Registering New Top Level Domain Names in China

shutterstock_167099189E-commerce is rapidly growing in China with Chinese consumers already making up for almost half of global online retail sales. This development offers lots of lucrative business opportunities for European SMEs. When entering Chinese market, a Chinese top level domain name often helps to attract customers. In today’s blog post we therefore focus again on top level domain names’ registration in China. 

Internet usage is booming in China. With more than 701 million ‘netizens’ (as of December  2016), China connects more people to the Internet than any other country. In fact, every fourth person on the Internet is from China. Facilitated by the increasing availability of broadband technology and the growing trend towards online shopping and purchasing, the Internet is an attractive business and marketing platform for many European SMEs. The China Internet Network Information Center (CNNIC) has also now removed barriers to overseas companies and individuals to register domain names in China, and it is recommended that European SMEs take advantage of this if they are planning on entering the Chinese market or are already in China.

New and Less Restricted Domain Name Requirements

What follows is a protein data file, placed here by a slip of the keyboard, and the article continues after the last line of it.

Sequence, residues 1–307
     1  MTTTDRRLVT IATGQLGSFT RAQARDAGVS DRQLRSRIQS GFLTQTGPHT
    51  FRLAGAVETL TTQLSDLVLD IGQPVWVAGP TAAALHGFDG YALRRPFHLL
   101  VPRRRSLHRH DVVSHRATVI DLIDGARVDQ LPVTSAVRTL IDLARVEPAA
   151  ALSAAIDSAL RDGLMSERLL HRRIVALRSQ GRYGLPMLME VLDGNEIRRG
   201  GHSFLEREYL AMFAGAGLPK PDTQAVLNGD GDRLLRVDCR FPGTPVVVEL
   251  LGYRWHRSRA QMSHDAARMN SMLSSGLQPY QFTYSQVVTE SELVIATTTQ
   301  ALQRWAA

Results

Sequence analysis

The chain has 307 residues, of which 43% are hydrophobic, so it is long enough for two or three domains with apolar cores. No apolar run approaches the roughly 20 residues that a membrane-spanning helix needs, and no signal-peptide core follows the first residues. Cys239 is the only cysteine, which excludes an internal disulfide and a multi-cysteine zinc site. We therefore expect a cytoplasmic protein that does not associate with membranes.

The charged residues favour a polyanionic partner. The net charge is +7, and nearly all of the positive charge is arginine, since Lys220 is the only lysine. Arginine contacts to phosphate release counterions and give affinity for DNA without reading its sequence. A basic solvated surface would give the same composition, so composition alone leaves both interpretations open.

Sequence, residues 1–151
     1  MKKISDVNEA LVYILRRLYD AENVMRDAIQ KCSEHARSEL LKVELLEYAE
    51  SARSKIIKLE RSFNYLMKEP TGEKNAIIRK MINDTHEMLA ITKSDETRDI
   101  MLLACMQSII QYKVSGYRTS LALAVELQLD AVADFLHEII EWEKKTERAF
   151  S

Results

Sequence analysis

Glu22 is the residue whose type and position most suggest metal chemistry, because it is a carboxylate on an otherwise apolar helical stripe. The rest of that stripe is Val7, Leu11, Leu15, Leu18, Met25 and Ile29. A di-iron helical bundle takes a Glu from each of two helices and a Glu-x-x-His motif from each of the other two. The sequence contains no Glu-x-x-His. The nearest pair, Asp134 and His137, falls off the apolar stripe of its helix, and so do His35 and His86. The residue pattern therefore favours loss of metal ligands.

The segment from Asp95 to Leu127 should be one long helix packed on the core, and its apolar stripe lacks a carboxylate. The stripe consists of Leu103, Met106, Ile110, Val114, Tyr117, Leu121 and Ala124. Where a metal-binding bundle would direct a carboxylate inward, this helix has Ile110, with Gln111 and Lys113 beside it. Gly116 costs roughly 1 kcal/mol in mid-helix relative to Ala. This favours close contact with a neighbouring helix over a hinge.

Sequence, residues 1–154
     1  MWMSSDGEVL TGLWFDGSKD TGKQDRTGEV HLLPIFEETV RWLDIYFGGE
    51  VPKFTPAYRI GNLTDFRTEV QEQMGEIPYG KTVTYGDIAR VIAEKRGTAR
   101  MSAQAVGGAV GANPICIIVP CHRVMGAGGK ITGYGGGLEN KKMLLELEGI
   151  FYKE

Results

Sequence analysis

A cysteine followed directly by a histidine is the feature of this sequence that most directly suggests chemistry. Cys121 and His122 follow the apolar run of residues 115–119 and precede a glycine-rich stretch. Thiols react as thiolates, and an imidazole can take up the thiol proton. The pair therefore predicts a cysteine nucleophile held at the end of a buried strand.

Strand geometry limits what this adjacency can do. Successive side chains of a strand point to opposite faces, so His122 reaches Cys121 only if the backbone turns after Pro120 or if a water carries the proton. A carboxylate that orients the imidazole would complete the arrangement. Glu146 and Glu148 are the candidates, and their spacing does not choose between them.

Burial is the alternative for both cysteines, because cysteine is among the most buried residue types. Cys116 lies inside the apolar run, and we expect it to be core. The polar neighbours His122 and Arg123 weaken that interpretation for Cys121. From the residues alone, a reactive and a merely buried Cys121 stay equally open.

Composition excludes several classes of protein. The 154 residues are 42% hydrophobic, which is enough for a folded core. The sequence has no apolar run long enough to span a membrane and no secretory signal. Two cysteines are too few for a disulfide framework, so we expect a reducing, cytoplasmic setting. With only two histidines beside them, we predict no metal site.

From May 2012, .cn and .中国 domain name registrations became available again for private individual registrations (both Chinese and overseas). The process takes a few weeks and currently costs €50-€100.

The following steps are required:

  • Translate your domain names into Chinese and find an accredited registrar using either of these sources (domain name registration must be completed through an accredited registrar).

  • International registrars – .cn: http://www1.cnnic.cn/syjszc1/List/201210/t20121011_36680.htm
  • International registrars – .中国: http://www1.cnnic.cn/syjszc1/List/201210/t20121011_36685.htm
    • Check (the registrar can do this on your behalf) if the particular .cn domain name is available for registration using the CNNIC domain name registry
  • English – http://www1.cnnic.cn/
  • Chinese – http://www.cnnic.cn/
    • Complete an application form with business seal of applicant company (to be provided by your registrar)
    • Provide a copy of local business certificate in your home country (or copy of passport, driving licence or other official ID, if you apply as an individual). A ‘Letter of Commitment’ must be signed by the registrant (to be provided by your registrar); these will be kept by the CNNIC.
    • Submitting originals is not required, nor are copies of trade mark certificates to prove a prior right to the requested domain name.